I’m so excited about this post! In fact, I’m giggling with excitement as I type.
You see, ever since I was a kid, I’ve loved things that change color.
I love opals and Alexandrite and weird things like mood rings. In the late 80’s, I had a collection of color changing t-shirts that changed color when the temperature went up. Then, on one of our cruises, I stocked up on things that changed color when the sun hit them. I came home with everything from color changing hair clips to color changing nail polish.
I know, I know, color changing nail polish is probably not a very natural product. 😉
The color changing food coloring that I’m about to show you today, though, totally is 100% natural! I discovered it completely by accident yesterday, and was giddy and jumping with joy all afternoon.
Even my husband was impressed and admitted that this was pretty cool! (He’s not a huge fan of crafty things or holiday fun like me!)
So, let’s go back to where the story begins…
I was working on my Easter marshmallow peeps recipe, and began by making myself some DIY natural food coloring and homemade colored sugar crystals.
I had already successfully made myself some pink, yellow, and green sugar crystals, when I decided to continue with my experiment.
Seeing as how fresh spinach leaves worked well as a DIY natural food coloring, I decided to see what would happen if I used a few purple cabbage leaves that I just happened to have nearby.
To make the coloring, I used a bit of casalla, a strong, anise flavored liqueur that is quite common here. I chose casalla because it has the highest percentage of alcohol of anything I had at home (48%); plus, I love the flavor. Since most of you probably don’t have casalla sitting around, you can use any strong alcohol of choice. I used vodka for all of my other colors, and didn’t think to try the casalla until I was ready to make my cabbage food coloring.
Just as I did with my green spinach food coloring, I blended a few cabbage leaves with my liqueur, just using enough to get everything blended together. I tried using mostly the ends of the leaves, the thinnest part, to have the highest concentration of bright purple color.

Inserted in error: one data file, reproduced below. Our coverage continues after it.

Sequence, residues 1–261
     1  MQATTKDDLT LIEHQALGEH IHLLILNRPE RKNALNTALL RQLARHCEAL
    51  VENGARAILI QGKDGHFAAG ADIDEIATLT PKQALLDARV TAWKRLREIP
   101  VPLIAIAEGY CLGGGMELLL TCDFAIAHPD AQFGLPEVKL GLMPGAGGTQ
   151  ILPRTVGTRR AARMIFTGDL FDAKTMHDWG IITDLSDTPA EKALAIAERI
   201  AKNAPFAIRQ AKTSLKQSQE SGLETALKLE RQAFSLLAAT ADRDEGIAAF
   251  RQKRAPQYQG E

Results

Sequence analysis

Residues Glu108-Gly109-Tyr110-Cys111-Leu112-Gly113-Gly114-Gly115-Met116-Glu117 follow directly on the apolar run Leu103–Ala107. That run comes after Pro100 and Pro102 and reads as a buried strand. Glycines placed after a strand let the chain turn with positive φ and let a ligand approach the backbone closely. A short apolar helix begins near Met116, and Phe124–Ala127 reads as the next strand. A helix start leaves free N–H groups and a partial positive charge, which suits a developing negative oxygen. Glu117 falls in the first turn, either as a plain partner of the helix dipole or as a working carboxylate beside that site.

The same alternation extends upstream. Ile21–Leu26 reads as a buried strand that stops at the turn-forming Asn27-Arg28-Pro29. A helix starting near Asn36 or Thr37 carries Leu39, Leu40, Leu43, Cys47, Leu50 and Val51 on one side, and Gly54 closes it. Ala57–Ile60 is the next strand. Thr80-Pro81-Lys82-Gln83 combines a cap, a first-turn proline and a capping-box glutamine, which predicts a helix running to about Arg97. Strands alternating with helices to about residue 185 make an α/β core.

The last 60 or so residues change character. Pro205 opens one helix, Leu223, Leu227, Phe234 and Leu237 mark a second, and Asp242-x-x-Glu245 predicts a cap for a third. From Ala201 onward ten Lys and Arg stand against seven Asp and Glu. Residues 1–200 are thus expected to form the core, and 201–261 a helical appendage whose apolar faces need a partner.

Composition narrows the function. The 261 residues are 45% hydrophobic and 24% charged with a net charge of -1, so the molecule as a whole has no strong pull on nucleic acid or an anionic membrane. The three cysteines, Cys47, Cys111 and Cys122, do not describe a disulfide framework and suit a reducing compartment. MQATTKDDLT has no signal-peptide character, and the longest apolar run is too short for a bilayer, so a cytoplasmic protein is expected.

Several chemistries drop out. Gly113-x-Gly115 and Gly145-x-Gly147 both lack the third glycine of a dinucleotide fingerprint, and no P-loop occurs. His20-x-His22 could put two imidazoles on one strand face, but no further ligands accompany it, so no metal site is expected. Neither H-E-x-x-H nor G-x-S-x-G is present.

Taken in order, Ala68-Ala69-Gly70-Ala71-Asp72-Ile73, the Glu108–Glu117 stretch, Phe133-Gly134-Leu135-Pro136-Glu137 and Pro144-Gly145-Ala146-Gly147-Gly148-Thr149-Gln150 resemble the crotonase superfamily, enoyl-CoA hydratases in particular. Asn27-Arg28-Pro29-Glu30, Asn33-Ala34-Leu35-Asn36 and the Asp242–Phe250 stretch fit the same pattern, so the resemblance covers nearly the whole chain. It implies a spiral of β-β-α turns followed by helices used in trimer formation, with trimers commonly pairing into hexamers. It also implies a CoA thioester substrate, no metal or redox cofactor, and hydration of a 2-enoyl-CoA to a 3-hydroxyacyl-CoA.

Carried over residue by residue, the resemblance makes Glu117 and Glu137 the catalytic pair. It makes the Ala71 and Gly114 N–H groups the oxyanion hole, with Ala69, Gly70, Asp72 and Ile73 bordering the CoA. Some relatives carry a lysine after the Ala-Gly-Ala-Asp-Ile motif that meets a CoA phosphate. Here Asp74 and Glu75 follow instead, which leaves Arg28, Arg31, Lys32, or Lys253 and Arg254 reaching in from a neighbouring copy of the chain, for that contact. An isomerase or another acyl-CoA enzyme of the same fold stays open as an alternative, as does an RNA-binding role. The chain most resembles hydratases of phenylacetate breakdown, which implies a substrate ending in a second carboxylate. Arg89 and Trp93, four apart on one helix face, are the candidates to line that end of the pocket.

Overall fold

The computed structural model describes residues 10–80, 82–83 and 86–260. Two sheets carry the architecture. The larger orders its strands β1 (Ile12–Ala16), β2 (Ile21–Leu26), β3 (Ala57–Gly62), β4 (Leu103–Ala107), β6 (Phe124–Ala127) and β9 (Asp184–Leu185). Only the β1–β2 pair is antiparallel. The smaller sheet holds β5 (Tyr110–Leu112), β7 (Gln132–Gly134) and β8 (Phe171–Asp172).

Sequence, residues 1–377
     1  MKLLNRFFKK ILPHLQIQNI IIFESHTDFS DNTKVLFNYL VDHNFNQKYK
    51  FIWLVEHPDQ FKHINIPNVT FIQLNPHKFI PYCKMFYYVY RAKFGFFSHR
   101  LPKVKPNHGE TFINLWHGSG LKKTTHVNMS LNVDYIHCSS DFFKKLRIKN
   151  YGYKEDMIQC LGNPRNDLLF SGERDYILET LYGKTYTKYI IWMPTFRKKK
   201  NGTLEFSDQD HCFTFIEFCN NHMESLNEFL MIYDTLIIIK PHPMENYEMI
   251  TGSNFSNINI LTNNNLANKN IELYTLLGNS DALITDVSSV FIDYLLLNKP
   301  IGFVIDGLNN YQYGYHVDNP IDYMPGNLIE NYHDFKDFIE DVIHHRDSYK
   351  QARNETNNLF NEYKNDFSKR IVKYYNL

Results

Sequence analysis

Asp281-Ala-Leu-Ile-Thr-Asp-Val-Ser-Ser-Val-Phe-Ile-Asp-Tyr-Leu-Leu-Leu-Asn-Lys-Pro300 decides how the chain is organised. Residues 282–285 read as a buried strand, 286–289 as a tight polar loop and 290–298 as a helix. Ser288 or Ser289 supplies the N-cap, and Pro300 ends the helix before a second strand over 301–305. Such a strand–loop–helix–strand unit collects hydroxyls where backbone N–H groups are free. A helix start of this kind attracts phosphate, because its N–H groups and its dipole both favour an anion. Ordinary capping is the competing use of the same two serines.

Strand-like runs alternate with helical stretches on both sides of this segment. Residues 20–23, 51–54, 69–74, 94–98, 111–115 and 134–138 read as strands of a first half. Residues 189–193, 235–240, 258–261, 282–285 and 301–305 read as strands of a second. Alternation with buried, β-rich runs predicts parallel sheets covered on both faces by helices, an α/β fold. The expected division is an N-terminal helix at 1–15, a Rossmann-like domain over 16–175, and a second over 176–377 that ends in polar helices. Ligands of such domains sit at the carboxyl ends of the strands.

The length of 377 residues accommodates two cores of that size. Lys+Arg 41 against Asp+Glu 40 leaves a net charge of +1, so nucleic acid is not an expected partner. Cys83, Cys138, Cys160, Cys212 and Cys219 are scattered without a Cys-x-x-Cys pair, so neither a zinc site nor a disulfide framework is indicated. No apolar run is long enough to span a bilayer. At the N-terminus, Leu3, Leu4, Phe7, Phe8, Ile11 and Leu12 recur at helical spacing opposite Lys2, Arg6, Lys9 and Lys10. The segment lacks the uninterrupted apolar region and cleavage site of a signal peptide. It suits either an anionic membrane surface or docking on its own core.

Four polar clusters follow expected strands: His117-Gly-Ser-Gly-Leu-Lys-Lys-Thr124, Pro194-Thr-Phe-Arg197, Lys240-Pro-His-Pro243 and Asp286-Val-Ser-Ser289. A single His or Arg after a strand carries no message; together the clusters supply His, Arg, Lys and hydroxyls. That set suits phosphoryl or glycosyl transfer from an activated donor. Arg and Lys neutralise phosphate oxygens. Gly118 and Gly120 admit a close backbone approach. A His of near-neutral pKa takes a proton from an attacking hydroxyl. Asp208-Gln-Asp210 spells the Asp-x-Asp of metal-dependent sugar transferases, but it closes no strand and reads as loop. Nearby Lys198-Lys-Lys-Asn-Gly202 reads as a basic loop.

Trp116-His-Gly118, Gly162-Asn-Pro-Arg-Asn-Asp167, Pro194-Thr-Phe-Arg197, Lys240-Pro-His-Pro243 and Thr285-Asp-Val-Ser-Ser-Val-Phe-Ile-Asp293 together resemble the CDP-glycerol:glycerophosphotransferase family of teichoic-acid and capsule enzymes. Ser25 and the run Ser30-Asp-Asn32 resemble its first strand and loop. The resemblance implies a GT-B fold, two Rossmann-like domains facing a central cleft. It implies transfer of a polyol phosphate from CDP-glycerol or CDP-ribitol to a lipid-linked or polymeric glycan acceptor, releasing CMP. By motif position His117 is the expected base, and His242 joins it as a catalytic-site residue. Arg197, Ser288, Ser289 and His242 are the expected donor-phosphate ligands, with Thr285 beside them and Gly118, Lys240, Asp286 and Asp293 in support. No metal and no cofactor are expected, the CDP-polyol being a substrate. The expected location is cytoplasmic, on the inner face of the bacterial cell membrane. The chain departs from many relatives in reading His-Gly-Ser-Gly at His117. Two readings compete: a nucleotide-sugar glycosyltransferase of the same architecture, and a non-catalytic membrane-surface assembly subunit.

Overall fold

My resulting puree worked beautifully for coloring more sugar crystals a pretty shade of purple.
I was happy, and ready to move on and clean up.
I was finished!
Or was I?
When I went to clean up my blender, I noticed something strange when the water hit it!
The purple DIY natural food coloring that I had made, was no longer purple, but instead was blue!!
Our water here on the Eastern coast of Spain is extremely hard, and has high levels of calcium, making it very basic. I suspected that the high pH of the water might be affecting the color of the purple cabbage, and after a bit of online research, I was pretty sure I was right!
So, I began my experiment…
I took some of my purple sugar crystals and separated them into 3 separate bowls.
I then proceeded to look for pantry items that would change the ph of my sugar crystals. I came back with baking soda, for raising the pH, and ascorbic acid powder, for lowering the pH.
First I added baking soda to one of the bowls, and was excited to see the sugar crystals immediately turn a beautiful shade of baby blue!!
I excitedly proceeded to add the ascorbic acid to the other bowl, and could hardly believe my eyes when I saw it turn a bright shade of baby pink!
One quick and easy DIY natural food coloring ended up easily making 3 beautiful colors!
I wanted to try out my color changing food coloring with water, but, of course, my water is so basic that I start out with blue colored water so I had to go out and buy some distilled water, and I tried it out again with that!
Using distilled water, I was able to repeat the process of instantly getting blue liquid with baking soda, and pink liquid with the ascorbic acid. I showed my son, and he was really excited about it, so much so that he has made me show it to everybody who came over in the last couple of days!
The only problem with it is that I wasn’t able to turn it orange and green when my son wanted those colors. 😛
Want to see it in action?
I ended up leaving the cabbage in the liqueur overnight, and the next morning I filtered out the plant material, using a tight woven cloth to filter out the cabbage. It worked beautifully, leaving gray cabbage plant material behind, and filtering out a pretty purple liquid which is my DIY magical, color changing food coloring!
For now, a few days later, the color seems to be holding steady. I’ll try to hang on to it and let you know if I’m able to keep it shelf stable for long periods of time.
I’ll probably experiment with making color extracts in a variety of colors and try to use them in a variety of recipes and/or activities. I think that letting some of the alcohol evaporate could help leave a concentrated natural food coloring behind. For those worried about the alcohol in it, compare it with what you would have in vanilla extract; neither is meant to be used in high concentrations (Although you could choose to try it in a higher concentration in a color changing cocktail or something like that).
For now, I’m working on thinking of fun uses for this one…
Anyone up for some color changing drinks? 😛
I’d love to hear your ideas!
This post is also available in Español.